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Alcohol-exposed children who lack the characteristic facial features of fetal alcohol syndrome may still suffer from attention problems, hyperactivity, aggression, and psychiatric illnesses.
Many recent studies indicate that alcohol doesn't uniformly interfere with the function of every cell in a fetal brain.
Moreover, it targets particular biochemical pathways vital to the development, function, migration, and survival of certain nerve cells, says Kenneth Warren of the National Institute on Alcohol Abuse and Alcoholism in Bethesda, Md.
Better knowledge of underlying mechanisms may help researchers figure out how to rescue cells or predict which infants are most at risk from alcohol exposure, he says.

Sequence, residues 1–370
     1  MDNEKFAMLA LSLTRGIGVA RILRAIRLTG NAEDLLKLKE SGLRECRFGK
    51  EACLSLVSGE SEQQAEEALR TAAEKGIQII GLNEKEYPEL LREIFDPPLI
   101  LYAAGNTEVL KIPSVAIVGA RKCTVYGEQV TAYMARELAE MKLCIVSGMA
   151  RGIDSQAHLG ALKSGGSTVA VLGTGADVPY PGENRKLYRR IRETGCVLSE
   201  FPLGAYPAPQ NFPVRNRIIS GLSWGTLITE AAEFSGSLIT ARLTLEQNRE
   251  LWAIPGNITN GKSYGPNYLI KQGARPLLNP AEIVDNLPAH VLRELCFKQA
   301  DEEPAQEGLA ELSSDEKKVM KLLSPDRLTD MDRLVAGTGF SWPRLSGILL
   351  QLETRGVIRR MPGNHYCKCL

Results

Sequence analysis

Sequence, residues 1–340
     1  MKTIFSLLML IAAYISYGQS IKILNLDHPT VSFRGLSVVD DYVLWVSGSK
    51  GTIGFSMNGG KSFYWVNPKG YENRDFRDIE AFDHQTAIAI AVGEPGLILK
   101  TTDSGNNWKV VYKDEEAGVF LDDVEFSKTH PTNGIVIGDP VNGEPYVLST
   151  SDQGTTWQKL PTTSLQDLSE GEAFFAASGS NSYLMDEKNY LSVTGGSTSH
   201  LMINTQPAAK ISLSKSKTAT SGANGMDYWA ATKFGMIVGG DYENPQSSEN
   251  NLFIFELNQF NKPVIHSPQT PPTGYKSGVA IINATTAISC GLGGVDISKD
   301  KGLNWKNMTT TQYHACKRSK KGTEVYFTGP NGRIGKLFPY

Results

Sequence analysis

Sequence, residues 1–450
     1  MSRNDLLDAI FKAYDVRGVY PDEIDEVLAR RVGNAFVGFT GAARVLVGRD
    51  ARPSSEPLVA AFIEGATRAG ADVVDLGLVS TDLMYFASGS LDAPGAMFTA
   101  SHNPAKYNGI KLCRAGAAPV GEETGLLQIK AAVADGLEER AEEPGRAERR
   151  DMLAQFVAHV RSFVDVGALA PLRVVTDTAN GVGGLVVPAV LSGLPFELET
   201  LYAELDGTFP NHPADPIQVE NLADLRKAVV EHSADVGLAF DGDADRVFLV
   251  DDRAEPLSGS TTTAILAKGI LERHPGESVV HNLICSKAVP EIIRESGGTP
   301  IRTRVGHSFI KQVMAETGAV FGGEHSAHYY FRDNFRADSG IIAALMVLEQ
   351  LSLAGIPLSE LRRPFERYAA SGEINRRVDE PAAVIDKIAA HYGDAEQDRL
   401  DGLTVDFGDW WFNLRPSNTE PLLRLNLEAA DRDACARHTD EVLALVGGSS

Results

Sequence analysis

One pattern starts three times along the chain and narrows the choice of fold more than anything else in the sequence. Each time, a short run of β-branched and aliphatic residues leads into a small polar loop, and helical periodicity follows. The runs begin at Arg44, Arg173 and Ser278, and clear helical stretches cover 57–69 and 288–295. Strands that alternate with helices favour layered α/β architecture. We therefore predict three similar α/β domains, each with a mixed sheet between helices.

When researchers started looking at the brains of youngsters with fetal alcohol syndrome, the damage seemed so pervasive that the investigators assumed alcohol must affect every system in the developing brain.
One of the major changes in the alcohol field in the last 10 years has been the identification of proteins that alcohol might interact with directly," says Michael E.
Charness and his colleagues gave specific nerve cells growing in laboratory cultures alcohol concentrations equivalent to those resulting when a woman has one to two drinks.
They suggest three possible factors: Babies may simply dislike the flavor of alcohol; alcohol may impair their sucking ability; or alcohol may temporarily decrease maternal milk production.
He adds that while the findings suggest that nurslings like certain flavors and dislike others, the research doesn't rule out the possibility that certain ingredients in garlic or alcohol may increase or decrease a mother's milk production.
This may be the start of a biochemical description of the alcohol effect.